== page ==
Co-Founders Jill M. Manning, Pearson Warshaw, LLP, and Kate Patchen, Covington & Burling, LLP

Relive the 2024 UCL Institute

See a review in photos of the 2024 UCL Institute here.

MONTHLY SECTION MESSAGES

  • Applications are due by March 1, 2024 to join our Executive Committee!
    • The Executive Committee manages the Section and is charged with overseeing the Section’s current activities and developing new programs and initiatives to further the development of antitrust and competition law in California. A core component of the Executive Committee’s work is to provide opportunities to develop the next generation of California antitrust and unfair competition law practitioners. Click here for further information and to apply now: https://calawyers.org/section/antitrust-unfair-competition-law/committees/
  • The Seventh Annual “Celebrating Women in Competition Law in California,” will be held on March 7, 2024 from 5:30 pm to 8:00 pm in San Francisco.

Job Postings

E-Briefs

FTC’s Administrative Authority Upheld, But Decision on Illumina-Grail Merger Remanded for Further Consideration
Cheryl Lee Johnson and Dan Grushkevich

By Cheryl Lee Johnson and Dan Grushkevich

In Illumina Inc. et al. v. Federal Trade Commission, 88 F.4th 1036, (5th Cir. 2023), the Fifth Circuit rejected multiple Constitutional challenges to the Commission’s authority to hold administrative proceedings. But the decision then also vacated and remanded the Commission’s order to unwind the Illumina-Grail merger on the ground that it used the wrong legal standard during rebuttal.

Background

Illumina, a monopoly supplier of NGS platforms, a key component for multi-cancer early detection (MCED) tests, sought to acquire Grail, currently the only commercial seller of MCEDs. Illumina’s customers for NGS platforms, including potential future entrants in the MCED market, “expressed concern” about their ability to purchase Illumina’s NGS products “on the same terms and conditions” as Grail after the merger. Id. at 1044. To alleviate those concerns, Illumina created an irrevocable offer for a standard supply contract to guarantee competitors’ access to NGS products on terms equivalent to Grail’s until 2033 the (Open Offer). Id. at 1045. After the Commission overturned the ALJ’s approval of the merger, the Fifth Circuit remanded that decision, holding that the Commission improperly required Illumina to prove that its Open Offer to customers of its NGS platforms completely negated the anticompetitive effects of the proposed vertical merger. Id. at 1044.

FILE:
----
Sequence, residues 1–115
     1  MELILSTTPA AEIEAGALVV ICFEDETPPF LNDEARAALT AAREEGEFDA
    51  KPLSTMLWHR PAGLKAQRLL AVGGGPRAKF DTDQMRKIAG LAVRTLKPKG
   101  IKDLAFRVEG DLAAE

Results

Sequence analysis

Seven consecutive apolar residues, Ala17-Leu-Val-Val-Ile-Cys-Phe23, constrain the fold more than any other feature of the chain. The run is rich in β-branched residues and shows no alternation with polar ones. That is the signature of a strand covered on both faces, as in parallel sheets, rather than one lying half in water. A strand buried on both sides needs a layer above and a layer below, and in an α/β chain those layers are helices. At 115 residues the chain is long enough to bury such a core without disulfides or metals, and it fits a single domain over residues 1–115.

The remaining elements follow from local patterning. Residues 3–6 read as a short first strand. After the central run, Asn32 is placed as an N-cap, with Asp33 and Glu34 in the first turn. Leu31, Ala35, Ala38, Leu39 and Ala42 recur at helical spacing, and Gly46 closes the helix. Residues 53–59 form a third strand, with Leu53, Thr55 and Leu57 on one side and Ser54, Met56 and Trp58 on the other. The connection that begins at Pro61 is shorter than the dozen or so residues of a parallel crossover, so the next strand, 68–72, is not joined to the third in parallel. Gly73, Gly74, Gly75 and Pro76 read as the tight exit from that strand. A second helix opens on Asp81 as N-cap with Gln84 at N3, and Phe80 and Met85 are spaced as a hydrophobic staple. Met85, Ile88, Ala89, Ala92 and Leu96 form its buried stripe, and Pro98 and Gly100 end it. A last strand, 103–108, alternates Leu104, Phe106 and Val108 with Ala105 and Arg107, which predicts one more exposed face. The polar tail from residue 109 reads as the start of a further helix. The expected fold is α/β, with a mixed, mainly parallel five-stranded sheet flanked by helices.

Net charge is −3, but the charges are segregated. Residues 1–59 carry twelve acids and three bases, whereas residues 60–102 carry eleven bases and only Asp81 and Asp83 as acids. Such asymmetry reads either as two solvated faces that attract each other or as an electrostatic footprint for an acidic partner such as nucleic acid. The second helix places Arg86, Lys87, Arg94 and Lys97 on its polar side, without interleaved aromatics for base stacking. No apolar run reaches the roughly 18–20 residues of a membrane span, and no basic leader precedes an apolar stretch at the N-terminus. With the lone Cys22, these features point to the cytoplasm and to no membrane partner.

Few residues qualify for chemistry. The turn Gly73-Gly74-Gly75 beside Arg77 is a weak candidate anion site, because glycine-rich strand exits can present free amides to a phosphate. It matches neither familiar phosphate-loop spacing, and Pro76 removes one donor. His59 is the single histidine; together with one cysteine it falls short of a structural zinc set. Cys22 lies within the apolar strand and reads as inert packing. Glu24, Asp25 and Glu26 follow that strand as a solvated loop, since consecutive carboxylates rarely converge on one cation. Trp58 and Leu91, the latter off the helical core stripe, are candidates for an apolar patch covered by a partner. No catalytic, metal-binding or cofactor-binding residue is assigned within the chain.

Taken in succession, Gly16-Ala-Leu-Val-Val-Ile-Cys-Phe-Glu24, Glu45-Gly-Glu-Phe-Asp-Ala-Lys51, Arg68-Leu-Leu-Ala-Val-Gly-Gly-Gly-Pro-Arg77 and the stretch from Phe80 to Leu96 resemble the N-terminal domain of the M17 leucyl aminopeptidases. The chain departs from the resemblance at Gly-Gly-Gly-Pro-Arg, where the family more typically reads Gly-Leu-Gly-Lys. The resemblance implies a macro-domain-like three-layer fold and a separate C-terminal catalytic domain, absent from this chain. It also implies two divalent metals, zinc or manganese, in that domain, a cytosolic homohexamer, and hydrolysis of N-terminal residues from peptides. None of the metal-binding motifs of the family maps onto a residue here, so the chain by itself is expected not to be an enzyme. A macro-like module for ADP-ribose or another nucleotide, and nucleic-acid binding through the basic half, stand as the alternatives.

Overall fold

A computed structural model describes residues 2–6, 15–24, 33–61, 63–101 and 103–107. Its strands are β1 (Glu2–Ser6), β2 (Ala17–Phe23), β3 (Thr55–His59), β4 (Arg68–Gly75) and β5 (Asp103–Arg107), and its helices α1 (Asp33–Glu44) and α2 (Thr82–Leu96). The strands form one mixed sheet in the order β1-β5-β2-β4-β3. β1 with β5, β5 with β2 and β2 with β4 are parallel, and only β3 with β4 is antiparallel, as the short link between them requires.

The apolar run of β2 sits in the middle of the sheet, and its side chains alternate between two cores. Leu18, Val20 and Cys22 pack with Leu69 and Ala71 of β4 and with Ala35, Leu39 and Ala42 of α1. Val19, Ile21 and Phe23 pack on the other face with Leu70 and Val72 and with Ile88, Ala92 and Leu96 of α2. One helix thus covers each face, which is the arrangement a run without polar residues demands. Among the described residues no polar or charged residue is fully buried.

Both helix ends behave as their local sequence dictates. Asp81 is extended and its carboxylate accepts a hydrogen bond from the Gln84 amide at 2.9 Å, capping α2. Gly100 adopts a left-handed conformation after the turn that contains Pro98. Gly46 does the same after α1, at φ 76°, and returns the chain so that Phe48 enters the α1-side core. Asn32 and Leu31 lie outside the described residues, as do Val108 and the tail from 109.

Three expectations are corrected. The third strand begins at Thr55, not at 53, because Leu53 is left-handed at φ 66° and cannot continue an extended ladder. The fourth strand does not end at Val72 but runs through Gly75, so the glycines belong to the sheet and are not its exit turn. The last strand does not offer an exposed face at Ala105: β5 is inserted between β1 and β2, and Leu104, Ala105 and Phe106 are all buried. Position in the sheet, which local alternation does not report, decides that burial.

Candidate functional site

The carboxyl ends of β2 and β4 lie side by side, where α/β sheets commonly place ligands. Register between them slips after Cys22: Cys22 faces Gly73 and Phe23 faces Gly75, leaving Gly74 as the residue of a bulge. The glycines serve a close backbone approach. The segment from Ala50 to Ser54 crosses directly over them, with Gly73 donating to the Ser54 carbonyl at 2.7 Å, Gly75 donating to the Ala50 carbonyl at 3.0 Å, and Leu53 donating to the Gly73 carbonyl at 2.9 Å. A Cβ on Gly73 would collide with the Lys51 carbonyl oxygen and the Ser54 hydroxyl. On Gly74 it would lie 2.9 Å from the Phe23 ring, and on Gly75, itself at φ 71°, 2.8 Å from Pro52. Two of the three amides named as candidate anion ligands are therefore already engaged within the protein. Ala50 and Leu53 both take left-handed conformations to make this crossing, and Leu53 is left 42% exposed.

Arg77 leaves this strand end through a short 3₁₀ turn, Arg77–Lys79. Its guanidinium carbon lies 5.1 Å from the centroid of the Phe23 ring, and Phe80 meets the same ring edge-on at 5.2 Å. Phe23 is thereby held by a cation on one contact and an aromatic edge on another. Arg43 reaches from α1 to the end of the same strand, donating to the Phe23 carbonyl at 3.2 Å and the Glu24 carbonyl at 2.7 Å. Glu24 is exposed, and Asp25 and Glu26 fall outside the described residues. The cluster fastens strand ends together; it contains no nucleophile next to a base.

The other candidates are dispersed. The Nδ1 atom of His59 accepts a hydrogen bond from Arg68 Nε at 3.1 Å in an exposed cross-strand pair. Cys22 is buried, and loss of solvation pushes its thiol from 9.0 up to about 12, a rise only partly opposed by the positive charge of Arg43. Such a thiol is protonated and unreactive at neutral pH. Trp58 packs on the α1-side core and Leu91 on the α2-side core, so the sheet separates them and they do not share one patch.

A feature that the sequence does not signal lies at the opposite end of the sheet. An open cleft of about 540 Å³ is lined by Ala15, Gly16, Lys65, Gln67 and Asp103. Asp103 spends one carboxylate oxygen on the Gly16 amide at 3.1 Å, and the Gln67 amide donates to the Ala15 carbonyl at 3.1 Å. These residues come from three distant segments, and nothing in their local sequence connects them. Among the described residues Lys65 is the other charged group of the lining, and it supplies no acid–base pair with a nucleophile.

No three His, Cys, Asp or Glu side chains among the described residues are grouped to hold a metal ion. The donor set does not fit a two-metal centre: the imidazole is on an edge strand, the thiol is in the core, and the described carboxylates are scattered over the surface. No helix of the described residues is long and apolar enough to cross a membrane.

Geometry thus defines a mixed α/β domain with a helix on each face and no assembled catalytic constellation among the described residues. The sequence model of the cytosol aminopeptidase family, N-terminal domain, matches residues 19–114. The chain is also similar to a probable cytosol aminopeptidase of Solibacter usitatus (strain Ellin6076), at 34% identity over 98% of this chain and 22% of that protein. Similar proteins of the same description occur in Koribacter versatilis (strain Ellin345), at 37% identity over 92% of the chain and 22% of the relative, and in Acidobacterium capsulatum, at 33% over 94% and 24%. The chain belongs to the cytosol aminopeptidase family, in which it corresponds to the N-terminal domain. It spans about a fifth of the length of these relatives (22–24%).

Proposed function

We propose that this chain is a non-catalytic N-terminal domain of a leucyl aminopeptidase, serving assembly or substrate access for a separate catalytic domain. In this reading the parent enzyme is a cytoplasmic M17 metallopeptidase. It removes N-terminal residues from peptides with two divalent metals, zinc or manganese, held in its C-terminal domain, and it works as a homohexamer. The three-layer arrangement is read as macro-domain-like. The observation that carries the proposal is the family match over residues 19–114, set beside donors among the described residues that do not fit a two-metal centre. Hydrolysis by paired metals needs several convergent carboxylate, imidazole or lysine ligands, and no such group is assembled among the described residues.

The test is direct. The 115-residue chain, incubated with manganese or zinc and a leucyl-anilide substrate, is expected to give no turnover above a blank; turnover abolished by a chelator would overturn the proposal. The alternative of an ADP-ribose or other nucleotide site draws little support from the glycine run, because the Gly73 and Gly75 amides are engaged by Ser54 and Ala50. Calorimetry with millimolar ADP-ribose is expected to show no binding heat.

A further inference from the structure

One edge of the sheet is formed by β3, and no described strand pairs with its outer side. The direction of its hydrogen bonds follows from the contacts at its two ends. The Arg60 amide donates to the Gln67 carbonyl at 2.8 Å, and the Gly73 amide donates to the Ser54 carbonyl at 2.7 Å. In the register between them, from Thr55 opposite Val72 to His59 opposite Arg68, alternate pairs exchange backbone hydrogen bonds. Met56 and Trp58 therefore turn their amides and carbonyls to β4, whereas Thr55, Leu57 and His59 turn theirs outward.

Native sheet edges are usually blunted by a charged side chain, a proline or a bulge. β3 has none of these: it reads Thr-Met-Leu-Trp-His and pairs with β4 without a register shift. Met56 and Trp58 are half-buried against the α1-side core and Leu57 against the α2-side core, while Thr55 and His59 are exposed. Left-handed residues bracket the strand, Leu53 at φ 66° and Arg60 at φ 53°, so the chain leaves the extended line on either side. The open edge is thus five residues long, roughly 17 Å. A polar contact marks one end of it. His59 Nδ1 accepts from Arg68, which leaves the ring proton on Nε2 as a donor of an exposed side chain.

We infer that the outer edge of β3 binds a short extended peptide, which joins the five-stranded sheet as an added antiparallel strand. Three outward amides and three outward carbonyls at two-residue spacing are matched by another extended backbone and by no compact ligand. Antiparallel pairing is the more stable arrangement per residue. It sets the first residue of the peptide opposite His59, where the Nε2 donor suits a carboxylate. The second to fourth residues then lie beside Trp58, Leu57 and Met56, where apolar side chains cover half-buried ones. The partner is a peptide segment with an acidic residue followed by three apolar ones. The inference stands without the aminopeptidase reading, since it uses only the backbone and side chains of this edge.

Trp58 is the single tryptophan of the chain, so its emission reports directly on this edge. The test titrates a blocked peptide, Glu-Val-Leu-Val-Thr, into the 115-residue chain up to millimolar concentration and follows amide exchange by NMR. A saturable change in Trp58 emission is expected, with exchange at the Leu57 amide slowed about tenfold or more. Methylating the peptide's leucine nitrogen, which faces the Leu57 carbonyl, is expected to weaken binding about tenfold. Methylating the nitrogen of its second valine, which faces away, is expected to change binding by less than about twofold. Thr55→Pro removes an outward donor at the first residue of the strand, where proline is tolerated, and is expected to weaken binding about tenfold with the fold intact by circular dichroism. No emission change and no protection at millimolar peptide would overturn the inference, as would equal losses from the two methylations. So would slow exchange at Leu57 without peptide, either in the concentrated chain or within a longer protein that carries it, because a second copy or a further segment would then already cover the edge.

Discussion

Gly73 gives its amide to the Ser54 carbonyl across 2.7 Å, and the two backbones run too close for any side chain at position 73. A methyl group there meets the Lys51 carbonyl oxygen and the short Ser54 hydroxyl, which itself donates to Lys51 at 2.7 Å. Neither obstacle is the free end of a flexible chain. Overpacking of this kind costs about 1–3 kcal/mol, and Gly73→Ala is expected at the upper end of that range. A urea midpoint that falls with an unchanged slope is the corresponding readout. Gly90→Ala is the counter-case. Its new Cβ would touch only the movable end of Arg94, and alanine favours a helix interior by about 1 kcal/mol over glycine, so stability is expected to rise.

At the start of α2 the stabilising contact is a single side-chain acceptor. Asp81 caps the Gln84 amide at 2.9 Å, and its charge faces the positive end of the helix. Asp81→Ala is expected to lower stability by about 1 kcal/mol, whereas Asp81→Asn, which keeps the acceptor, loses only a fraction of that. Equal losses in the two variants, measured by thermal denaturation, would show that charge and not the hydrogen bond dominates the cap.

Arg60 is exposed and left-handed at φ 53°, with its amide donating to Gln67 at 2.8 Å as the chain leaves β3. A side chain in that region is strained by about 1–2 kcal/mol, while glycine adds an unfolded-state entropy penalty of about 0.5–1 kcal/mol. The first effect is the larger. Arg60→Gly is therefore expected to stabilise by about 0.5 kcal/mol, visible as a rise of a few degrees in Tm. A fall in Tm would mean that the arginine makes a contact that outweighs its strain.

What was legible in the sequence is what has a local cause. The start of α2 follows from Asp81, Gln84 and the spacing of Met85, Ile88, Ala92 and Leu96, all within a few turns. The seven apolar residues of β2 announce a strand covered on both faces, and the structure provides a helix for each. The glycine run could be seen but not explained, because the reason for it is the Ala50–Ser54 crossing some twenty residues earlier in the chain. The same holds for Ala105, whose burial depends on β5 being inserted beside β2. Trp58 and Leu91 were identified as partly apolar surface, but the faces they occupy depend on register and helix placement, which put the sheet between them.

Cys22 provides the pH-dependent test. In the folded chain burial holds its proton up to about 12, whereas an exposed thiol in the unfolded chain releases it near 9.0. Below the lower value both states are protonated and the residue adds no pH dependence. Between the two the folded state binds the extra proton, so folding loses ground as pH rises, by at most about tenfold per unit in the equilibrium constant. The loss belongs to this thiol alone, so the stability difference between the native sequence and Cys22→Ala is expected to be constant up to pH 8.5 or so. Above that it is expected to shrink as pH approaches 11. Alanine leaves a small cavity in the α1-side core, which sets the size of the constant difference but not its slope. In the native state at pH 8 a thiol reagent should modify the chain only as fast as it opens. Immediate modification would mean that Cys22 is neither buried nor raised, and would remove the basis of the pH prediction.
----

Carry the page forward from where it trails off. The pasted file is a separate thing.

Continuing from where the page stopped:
Constitutional Challenges to FTC Authority

The Fifth Circuit found Illumina’s four constitutional challenges to the FTC’s authority all foreclosed by Supreme Court precedent. Id. at 1046. That precedent confirmed the FTC’s authority to file enforcement actions under both Section 5(b) and Section 13(b) of the FTC Act, to exercise executive powers, and to serve both as a prosecutor and adjudicator. Id. Finally, the Fifth Circuit affirmed that there was a rational basis for splitting enforcement between DOJ’s Antitrust Division and the FTC, so that split did not give rise to a violation of Illumina’s equal-protection rights. Id. at 1047.

The FTC’s Prima Facie Case on Product Market

The Fifth Circuit upheld the Commission’s finding of a broad product market that includes “research, development, and commercialization of MCED tests,” including those tests not yet on the market. Id. at 1048. The court’s product market recognized competition in research and development independent of the consumer market. Id. at 1048-49.

The court declined to decide whether courts can or must consider Brown Shoe standards for vertical mergers because the FTC satisfied both the Brown Shoe and the “ability and incentive” standards. Id. at 1051. For the ability and incentive test, the Fifth Circuit found that when one party already monopolizes the market for a key input, enforcers only need to show increased incentive to foreclose competitors’ access to sources of supply. Id. at 1052. Because Illumina is a monopolist in sales of NGS platforms, the merger could not have further increased its power to deny competitors access, so demonstrating increased incentive is sufficient. Id. The court found that Illumina’s internal projections predicted that it would be profitable to “suffer losses to its NGS-platform sales in order to accelerate the growth of its MCED-test sales.” Id. at 1053. Alternatively, the court found that the Brown Shoe standards supported a finding that the merger substantially lessened competition, even as only four of the seven factors were applied. Id. at 1055.